The Bogeyman Of Inheritance Tax

Uttam Maharjan


Finance Minister Dr. Yubaraj Khatiwada the other day said that inheritance tax should be levied at the rate of 50 or 60 per cent when property was inherited by a person from his/her parent or grandparent. The Finance Minister cited examples of inheritance tax prevalent in developed countries to justify his move. Discussions on levying inheritance tax are now going on at the Ministry of Finance and the matter will be submitted to the Revenue Board. This shows that the government seems to be hell-bent on levying inheritance tax under any circumstances.
The government argues that the provision of inheritance tax will make the property possessed by individuals 'formal' and also makes it easier for businessmen to operate their business. It will also make the country prosperous.
However, the revelation of the possible levying of inheritance tax has sent chills down the people's spines. Now, only a nominal registration charge has to be paid for the transfer of the ownership of ancestral property. Immovable property would denote land and buildings, whereas movable property for the purpose of taxation could mean money, including bank balances, shares, debentures, vehicles, etc. It means the movable property that is registered with the concerned authorities could be taxed.
Inheritance tax is prevalent in developed countries. Such a tax was in force in India till 1985, when the government was forced to abolish it due to widespread protests. However, China does not have the provision of inheritance tax.
The main objective of inheritance tax is to redistribute wealth among people by taxing rich people, thus creating an equitable society through various social security programs. Where the provision of social security is robust, such a tax will definitely benefit people.
Nepal has now a federal system of governance. There is the federal government at the central level, seven provincial governments at the provincial level and many local governments at the local level. Such a system of governance requires a huge sum of money to operate. But the sources of revenue are limited in the country. On the other hand, there is a huge trade gap as imports far exceed exports. In such a situation, the government has eyed tax as a reliable source of revenue, the other source being remittance money. This may be the reason the government is pondering over the levying of inheritance tax as an added avenue of tax.
The government has raised the subject of inheritance tax when it is under fire for levying high taxes. However, the government says that such a tax will not be levied right now. It is still under discussion.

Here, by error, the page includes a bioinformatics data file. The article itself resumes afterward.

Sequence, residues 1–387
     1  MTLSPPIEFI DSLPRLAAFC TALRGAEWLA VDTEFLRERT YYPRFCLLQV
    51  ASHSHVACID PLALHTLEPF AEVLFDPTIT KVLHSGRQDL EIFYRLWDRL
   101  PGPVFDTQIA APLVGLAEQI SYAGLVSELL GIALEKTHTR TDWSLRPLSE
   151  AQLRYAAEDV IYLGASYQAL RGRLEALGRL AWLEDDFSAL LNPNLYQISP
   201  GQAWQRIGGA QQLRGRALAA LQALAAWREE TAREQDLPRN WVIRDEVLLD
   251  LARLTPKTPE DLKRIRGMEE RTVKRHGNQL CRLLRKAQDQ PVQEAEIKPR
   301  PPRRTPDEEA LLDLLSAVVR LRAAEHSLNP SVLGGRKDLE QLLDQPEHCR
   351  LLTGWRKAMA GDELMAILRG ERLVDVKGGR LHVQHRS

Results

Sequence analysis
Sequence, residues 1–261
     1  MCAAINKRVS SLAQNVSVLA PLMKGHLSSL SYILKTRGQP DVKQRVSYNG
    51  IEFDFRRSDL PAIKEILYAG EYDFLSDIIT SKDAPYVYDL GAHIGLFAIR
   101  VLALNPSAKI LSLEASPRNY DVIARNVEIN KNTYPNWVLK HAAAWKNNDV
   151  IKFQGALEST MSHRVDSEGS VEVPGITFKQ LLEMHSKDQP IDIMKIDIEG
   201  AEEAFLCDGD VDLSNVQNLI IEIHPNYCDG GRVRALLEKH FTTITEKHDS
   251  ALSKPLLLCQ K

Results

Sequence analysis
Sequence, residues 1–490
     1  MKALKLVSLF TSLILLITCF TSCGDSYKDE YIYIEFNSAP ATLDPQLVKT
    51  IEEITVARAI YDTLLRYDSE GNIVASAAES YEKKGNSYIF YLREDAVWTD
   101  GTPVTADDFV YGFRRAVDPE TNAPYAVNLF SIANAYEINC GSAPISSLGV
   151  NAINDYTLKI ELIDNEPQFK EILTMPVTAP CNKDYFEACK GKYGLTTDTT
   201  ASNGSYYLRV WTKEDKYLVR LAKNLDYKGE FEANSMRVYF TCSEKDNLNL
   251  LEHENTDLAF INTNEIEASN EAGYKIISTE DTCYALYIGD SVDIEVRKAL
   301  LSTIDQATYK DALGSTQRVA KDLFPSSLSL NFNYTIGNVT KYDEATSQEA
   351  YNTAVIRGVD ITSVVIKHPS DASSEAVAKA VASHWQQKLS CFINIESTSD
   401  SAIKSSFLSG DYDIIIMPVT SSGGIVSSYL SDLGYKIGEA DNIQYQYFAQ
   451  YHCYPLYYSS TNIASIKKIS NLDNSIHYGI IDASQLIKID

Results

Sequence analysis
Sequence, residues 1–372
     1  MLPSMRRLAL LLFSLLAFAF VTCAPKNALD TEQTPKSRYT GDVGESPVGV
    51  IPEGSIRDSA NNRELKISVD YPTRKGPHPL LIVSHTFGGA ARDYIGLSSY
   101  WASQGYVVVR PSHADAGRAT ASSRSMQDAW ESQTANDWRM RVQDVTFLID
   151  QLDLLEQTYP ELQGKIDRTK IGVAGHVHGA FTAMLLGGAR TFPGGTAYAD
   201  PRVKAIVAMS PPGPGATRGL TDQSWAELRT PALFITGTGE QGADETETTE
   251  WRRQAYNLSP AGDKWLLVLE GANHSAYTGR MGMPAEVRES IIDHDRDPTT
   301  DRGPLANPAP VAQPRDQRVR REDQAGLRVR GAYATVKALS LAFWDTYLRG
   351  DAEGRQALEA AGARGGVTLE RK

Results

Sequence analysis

It is not reasonable for the government to impose inheritance tax simply because developed countries have such a tax provision. There, tax money is used for the welfare and amenities of the people. Here in this part of the world, the government has yet to meet even the basic requirements of the people. Almost all the sectors- be it education, healthcare, drinking water, sanitation or transportation- are in a shambles. Misuse of vehicle and road tax, for example, is manifested in the sorry condition of roads across the country. So the people are not satisfied with the tax they are paying to the government.
If inheritance tax is imposed at a staggering 50 or 60 per cent as uttered by the Finance Minister the other day, there will be grave ramifications on the life of the people. A poor inheritor of small property, for example a small house, may have no option but to sell that property and live in a rented room. This may render the poor homeless due to the juggernaut of inheritance tax. The people may also fear buying property like vehicles subject to inheritance tax. Moreover, they may hesitate to put money in banks as such bank deposits may also be subjected to inheritance tax. Instead of accumulating money and investing in shares, debentures and bonds, they may invest in gold and jewellery. Some affluent persons may leave the country to live abroad. Some rich persons may also transfer their wealth abroad.
A 50 or 60 per cent inheritance tax is not practicable. Even if inheritance tax is to be imposed, a threshold of exemption should be determined. For example, a threshold of Rs. 20 million may be determined, which means that property up to Rs. 20 million will be exempt from tax. After that, progressive tax may be imposed starting from, say, one per cent. This will give relief to the poor. In the United Kingdom, there is a threshold of GBP 325,000 under the provision of inheritance tax.
The most important aspect of the inheritance tax system should be to utilise the revenue generated from the tax towards the welfare of the poor as well as the elderly through various social security programs. Using the revenue to meet the administrative expenses of the government will not commend itself to the people. Redistribution of wealth and creation of a just and equitable society should be the motive of an inheritance tax system.
It follows that if the government is to levy inheritance tax, it should be levied above a certain threshold and on a slab basis starting with a very low percentage. Abrupt imposing of a huge inheritance tax may give rise to public protests across the country.
(Former banker, Maharjan has been regularly writing on contemporary issues for this daily since 2000. He can be reached at [email protected]) 

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